effect of linear acceleration is very well understood,[citation needed] and is
routinely used for 0g cryogenic fluid management for post-launch (subsequent) in-
space firings of upper stage rockets

Another way artificial gravity may be achieved is by installing an ultra-high density
mass in a spacecraft so that it would generate its own gravitational field and pull
everything inside towards it. Technically this is not artificial gravity—it is natural
gravity, gravity in its original sense. An extremely large amount of mass would be
needed to produce even a tiny amount of noticeable gravity. A large asteroid could
exert several thousandths of a g and, by attaching a propulsion system of some
kind, would qualify as a space ship, though gravity at such a low level might not
have any practical value. In addition, the mass would obviously need to move with
the spacecraft; if the spacecraft is to be accelerated significantly, this would greatly
increase fuel consumption. Because gravitational force is proportional to the square
of the distance from the center of mass, it would be possible to have significant
levels of gravity with much less mass than such an asteroid if this mass could be
made much denser than current materials (see neutronium). In principle, small
charged black holes could be used and held in position with electromagnetic forces.
However, carrying a sufficient quantity of mass to form significant gravity fields in a
spacecraft is well beyond current technology.

Tidal forces
In a planetary orbit, artificial gravity can be obtained from the tidal force by two
spacecraft above each other (or one spacecraft and another mass) connected by a
tether.[citation needed] See also tidal stabilization. Examples of rotating tethered
approaches to the production of artificial gravity, for human and animal research,
are discussed here.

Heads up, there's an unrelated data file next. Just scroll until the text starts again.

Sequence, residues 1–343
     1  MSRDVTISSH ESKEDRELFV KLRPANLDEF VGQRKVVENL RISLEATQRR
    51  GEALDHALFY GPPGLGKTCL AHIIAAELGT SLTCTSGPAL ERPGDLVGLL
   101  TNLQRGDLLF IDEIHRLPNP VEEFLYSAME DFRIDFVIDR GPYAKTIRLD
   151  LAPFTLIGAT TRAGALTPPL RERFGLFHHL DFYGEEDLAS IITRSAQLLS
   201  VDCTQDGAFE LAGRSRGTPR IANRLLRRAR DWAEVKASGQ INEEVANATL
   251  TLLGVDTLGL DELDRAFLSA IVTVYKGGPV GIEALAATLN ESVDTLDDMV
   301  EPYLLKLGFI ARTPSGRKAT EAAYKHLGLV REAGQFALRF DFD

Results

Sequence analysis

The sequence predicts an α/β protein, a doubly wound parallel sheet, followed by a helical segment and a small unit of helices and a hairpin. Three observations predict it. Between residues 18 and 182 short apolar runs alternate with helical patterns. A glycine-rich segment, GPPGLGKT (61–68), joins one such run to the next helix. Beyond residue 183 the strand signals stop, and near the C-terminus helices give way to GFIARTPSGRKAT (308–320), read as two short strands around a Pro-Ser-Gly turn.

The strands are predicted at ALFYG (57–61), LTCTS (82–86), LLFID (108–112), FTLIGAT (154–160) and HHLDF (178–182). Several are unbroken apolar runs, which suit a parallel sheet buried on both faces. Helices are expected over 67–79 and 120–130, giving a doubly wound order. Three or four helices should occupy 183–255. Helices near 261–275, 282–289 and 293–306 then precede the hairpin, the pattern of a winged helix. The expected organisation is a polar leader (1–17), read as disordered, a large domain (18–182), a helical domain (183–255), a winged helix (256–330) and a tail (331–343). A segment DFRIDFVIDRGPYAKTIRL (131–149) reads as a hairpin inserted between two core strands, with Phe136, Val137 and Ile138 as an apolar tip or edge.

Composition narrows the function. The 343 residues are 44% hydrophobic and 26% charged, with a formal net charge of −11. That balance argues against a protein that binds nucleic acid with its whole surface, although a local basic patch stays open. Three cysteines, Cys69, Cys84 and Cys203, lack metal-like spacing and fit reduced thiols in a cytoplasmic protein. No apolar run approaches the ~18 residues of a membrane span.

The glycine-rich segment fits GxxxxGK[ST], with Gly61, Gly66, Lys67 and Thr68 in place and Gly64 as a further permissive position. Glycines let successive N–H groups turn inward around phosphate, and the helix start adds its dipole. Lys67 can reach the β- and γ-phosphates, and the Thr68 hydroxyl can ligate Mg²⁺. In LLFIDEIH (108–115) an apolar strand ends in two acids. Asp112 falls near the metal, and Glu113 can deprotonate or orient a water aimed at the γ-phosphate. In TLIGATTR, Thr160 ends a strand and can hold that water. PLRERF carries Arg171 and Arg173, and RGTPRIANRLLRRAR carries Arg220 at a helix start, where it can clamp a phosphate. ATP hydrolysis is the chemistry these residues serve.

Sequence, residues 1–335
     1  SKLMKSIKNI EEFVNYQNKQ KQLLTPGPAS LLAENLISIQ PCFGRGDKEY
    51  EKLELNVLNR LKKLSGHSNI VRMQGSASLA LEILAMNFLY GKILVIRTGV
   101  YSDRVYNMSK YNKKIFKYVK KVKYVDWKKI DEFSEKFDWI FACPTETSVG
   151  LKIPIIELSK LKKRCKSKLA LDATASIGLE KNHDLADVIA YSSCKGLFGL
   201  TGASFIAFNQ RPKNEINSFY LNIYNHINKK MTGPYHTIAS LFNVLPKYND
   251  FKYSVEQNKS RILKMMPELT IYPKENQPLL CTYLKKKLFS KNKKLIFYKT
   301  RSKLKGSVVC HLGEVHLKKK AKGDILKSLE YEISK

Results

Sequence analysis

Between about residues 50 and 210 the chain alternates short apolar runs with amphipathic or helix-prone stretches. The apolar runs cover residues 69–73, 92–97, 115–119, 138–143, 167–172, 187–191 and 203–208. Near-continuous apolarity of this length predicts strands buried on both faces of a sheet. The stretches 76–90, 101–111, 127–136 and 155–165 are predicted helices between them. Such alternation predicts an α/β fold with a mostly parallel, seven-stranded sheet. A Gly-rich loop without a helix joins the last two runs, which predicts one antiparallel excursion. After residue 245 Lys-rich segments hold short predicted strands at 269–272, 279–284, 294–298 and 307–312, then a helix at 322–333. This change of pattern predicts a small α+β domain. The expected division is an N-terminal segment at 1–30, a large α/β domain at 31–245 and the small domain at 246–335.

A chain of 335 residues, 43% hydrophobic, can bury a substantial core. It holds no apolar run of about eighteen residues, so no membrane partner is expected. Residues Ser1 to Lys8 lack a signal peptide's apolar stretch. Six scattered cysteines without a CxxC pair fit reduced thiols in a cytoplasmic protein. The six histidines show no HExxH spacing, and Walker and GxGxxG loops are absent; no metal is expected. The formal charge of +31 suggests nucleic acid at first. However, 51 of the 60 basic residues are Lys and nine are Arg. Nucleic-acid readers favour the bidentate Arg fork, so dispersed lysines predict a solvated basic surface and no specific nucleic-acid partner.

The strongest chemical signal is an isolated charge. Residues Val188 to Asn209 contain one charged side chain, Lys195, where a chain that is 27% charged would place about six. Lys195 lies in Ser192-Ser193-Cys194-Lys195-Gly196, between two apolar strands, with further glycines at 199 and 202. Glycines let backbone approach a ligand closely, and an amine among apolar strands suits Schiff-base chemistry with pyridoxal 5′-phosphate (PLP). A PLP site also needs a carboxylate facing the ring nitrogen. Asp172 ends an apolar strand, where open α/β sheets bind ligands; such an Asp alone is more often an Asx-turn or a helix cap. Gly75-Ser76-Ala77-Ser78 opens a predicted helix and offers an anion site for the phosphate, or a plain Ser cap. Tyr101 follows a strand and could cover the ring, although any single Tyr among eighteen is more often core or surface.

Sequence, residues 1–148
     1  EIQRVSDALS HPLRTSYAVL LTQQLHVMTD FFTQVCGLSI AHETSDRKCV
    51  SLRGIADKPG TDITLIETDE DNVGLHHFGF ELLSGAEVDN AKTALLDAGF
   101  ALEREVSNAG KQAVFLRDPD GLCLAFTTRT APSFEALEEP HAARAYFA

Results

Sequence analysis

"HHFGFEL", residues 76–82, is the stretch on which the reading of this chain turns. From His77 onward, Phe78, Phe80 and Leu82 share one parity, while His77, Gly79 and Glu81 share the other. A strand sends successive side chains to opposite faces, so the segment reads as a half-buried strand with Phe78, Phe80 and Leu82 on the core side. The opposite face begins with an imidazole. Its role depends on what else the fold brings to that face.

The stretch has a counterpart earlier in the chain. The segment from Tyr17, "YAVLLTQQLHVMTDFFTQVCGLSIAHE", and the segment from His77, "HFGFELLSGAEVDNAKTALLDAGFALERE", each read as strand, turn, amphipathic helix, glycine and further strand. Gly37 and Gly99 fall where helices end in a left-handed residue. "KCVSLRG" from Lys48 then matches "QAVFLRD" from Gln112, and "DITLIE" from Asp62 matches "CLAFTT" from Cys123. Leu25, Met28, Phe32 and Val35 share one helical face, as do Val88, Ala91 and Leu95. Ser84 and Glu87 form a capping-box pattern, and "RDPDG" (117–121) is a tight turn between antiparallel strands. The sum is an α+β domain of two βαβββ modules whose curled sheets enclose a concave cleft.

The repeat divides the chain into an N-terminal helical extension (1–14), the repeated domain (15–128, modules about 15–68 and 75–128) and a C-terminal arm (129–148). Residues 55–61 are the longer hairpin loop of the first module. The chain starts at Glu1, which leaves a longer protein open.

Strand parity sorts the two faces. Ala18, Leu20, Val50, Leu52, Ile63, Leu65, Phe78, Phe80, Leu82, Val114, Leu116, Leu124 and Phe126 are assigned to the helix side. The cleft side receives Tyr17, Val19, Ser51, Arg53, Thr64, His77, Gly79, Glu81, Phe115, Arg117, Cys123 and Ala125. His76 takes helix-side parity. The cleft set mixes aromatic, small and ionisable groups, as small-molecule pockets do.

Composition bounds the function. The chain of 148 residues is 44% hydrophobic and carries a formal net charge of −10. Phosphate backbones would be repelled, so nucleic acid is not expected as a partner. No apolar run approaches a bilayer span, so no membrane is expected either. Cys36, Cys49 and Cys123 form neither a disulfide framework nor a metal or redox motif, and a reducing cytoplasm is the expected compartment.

A similar effect to gravity has been created through diamagnetism. It requires
magnets with extremely powerful magnetic fields. Such devices have been made
that were able to levitate at most a small mouse and thus produced a 1 g field to



cancel the Earth's; yet it required a magnet and system that weighed thousands of
kilograms, was kept superconductive with expensive cryogenics, and required 6
megawatts of power.

Such extremely strong magnetic fields are far above the permitted levels[specify],
and safety for use with humans is at best unclear. In addition, it would involve
avoiding any ferromagnetic or paramagnetic materials near the strong magnetic
field required for diamagnetism to be evident. Some other disadvantages of using
magnetism on a spaceship are found here:

However, facilities using diamagnetism may prove excellent laboratories for

simulating low gravity conditions here on Earth. The mouse was levitated against
Earth's gravity, simulating a condition similar to microgravity. Lower forces may
also be generated to simulate a condition similar to lunar or Martian gravity with
small model organisms.

Gravity generator/gravitomagnetism
In science fiction, artificial gravity (or cancellation of gravity) or "paragravity" is
sometimes present in spacecraft that are neither rotating nor accelerating. At
present, there is no confirmed technique that can simulate gravity other than actual
mass or acceleration. There have been many claims over the years of such a
device. Eugene Podkletnov, a Russian engineer, has claimed since the early 1990s
to have made such a device consisting of a spinning superconductor producing a
powerful gravitomagnetic field, but there has been no verification or even negative
results from third parties. In 2006, a research group funded by ESA claimed to have
created a similar device that demonstrated positive results for the production of
gravitomagnetism, although it produced only 100 millionths of a g.

Current proposals
A number of current proposals for producing artificial gravity are under
consideration.Multi-Mission Space Exploration Vehicle (MMSEV): this 2011 NASA
proposal for a long-duration crewed space transport vehicle includes a rotational
artificial gravity space habitat intended to promote crew-health for a crew of up to
six persons on missions of up to two years duration. The partial-g torus-ring
centrifuge would utilize both standard metal-frame and inflatable spacecraft
structures and would provide 0.11 to 0.69g if built with the 40 feet (12 m) diameter

ISS Centrifuge Demo: Also proposed in 2011 as a demonstration project preparatory

to the final design of the larger torus centrifuge space habitat for the Multi-Mission
Space Exploration Vehicle. The structure would have an outside diameter of 30 feet
(9.1 m) with a 30 inches (760 mm) ring interior cross-section diameter and would



provide 0.08 to 0.51g partial gravity. This test and evaluation centrifuge would have
the capability to become a Sleep Module for ISS crew.